Blue North orders "green" longliner at Dakota Creek

ST-155

MAY 8, 2013 – Seattle headquartered Blue North Fisheries has signed a contract with Anacortes, Washington, shipbuilder Dakota Creek Industries covering construction of what will be one of the most environmentally friendly and technologically advanced fishing vessels in the world. The contract includes an option to build a second vessel starting late in 2013

The vessel is scheduled for delivery in the fourth quarter of 2014. Specifically developed for the Alaska cod hook-and-line fishery it was designed by Norway's Skipsteknisk AS.

This new ST 155L design is a 58.35 m LOA x 12.8 m beam long liner specially designed for the hauling of long line through a moon pool in the center line.

Helge Slagnes, Chief Designer of Fishing Vessels at Skipsteknisk AS, says "Blue North has adopted innovations developed in Norway, made meaningful improvements, and is now taking them to a positive new level halfway around the world."

"One of our main objectives in designing and building this vessel is making absolutely certain that we move forward in a way that is environmentally sensitive and thoughtful," says Patrick Burns, Vice President at Blue North. "We recognize, accept and embrace our responsibility as stewards of sustainability in everything we do at Blue North."

The vessel offers five key environmental and safety advantages.

First, it will deploy hook-and-line gear, which means that one fish will be caught at a time, with a focus on quality, as opposed to quantity. The benefit here is that the small lines leave a greatly reduced environmental footprint on the bottom of the ocean, compared to other gear types.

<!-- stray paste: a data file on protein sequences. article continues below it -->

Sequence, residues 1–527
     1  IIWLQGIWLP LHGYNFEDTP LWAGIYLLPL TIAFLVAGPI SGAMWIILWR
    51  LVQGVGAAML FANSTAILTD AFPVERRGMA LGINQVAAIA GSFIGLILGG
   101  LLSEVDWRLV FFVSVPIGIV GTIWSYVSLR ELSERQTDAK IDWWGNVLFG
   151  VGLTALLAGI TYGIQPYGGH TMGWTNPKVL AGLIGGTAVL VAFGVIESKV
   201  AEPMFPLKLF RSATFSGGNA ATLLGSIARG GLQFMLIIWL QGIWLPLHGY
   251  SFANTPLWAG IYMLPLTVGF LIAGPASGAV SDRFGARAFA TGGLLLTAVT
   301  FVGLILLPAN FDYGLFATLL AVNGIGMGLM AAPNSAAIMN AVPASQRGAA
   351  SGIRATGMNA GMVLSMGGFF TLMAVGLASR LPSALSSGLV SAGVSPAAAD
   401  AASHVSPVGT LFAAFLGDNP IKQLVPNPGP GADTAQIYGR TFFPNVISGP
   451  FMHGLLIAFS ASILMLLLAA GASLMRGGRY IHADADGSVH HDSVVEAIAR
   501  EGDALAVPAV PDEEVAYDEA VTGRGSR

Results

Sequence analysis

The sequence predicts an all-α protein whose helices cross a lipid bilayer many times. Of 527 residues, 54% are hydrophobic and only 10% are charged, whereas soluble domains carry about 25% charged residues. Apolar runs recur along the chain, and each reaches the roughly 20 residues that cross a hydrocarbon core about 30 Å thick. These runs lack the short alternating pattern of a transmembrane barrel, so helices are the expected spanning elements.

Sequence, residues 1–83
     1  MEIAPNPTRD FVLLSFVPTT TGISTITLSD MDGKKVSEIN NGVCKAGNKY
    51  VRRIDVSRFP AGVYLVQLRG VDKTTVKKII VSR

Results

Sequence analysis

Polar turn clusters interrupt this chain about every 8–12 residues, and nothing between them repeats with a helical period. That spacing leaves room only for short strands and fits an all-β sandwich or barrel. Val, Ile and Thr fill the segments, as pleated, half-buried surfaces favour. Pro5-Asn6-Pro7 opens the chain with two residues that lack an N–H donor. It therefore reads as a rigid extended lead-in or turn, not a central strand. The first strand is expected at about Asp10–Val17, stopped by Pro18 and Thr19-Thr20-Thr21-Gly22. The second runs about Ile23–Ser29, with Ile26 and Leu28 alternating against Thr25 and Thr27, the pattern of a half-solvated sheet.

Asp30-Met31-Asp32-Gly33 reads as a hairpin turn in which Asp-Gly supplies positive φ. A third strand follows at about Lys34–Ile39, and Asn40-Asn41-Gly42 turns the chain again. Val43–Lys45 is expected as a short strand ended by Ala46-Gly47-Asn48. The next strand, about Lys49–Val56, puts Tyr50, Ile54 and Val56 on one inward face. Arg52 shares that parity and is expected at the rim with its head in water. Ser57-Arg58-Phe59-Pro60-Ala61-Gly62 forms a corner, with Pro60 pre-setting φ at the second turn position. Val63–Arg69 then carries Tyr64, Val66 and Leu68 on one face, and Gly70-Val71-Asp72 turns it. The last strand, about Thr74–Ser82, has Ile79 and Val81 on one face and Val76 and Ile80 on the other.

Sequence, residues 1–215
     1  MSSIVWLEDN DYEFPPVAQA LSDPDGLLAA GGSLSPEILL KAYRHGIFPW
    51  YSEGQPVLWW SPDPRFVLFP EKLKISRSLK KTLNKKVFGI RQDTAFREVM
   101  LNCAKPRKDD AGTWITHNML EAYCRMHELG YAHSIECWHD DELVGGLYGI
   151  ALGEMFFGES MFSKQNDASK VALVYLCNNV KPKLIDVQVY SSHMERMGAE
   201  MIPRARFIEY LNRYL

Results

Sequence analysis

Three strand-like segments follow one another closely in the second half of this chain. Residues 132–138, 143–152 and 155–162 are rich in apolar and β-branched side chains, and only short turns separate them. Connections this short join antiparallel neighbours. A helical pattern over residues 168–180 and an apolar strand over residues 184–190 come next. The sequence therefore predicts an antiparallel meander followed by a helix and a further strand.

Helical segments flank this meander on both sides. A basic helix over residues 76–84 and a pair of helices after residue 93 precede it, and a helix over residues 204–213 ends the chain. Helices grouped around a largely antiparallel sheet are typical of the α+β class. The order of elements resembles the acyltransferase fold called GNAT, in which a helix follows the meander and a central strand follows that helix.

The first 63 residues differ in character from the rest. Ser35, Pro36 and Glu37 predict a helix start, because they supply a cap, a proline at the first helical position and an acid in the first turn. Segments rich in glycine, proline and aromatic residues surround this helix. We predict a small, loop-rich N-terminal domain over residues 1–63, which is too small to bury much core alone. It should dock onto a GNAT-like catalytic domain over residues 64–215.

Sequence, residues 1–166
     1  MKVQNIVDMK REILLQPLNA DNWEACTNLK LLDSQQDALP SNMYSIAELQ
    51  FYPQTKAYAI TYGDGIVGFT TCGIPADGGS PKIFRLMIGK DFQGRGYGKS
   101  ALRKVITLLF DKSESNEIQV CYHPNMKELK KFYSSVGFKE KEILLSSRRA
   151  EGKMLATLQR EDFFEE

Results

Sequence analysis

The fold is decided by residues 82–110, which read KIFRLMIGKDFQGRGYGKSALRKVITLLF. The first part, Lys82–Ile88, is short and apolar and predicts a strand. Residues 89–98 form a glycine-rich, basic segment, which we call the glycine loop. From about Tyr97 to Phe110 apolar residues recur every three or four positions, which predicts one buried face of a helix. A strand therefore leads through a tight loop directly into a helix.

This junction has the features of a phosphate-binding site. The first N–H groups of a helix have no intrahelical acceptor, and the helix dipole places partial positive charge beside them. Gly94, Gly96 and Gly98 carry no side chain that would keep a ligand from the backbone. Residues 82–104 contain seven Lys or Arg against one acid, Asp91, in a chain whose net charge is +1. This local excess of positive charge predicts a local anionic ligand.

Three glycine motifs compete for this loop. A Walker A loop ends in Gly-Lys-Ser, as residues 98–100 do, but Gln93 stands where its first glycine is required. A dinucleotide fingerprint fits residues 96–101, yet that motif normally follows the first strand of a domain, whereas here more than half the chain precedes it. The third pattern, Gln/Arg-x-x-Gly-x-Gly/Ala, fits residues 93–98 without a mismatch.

Second, it will be constructed with an internal haul station – a first in the United States. In terms of sustainability, the internal haul station assures the careful release of non-target species. And, in terms of safety, the internal haul station allows all vessel personnel to accomplish their work inside the boat.

Third, the boat will efficiently utilize proteins that currently go to waste, with the ultimate goal of 100 percent utilization. That said, the new Blue North vessel is not focused on catching more fish; instead, its onboard processing facility will use more of the fish that are caught. To accomplish this, every consumable product will be retained – including the liver, stomach, roe, milt and head. Currently, many hook-and-line fleets that process onboard only use the dressed fish, or 50 percent of the entire weight; the rest of the fish is ground up and discharged overboard, due to a lack of space, refrigeration capacity or onboard labor.

"This present practice is extremely wasteful and inefficient," explains Kenny Down, Blue North's President and CEO. "We believe we can implement significant processing changes that will make considerable sustainability and efficiency differences."

LOWER EMISSIONS

Fourth, the new Blue North vessel will offer lower emissions and fuel savings of an estimated 30 percent or more, versus conventional designs. The vessel will be cleaner, thanks, in part, to the use of diesel electric twin-bladed dual-azimuth propulsion. The boat will also be one of the first fishing vessels in the United States built to meet new Tier III emissions standards.

Another factor behind the vessel's strong fuel-and-emission credentials is the fact that it will be built with a molded or formed hull, which has a more efficient flow through the water because of decreased resistance. The new Blue North vessel will be the first purpose-built hook-and-line processing vessel in the United States to have a molded hull.